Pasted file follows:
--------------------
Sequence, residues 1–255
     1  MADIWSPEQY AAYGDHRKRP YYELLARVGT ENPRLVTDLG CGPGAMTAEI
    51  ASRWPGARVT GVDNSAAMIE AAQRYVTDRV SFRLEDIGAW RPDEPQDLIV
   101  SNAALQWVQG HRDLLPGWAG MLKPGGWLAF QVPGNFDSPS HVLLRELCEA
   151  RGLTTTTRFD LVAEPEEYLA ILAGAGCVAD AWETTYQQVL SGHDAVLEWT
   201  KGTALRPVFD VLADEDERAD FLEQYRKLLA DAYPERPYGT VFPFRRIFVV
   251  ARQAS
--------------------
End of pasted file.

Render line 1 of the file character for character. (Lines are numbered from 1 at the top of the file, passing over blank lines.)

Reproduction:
Sequence, residues 1–255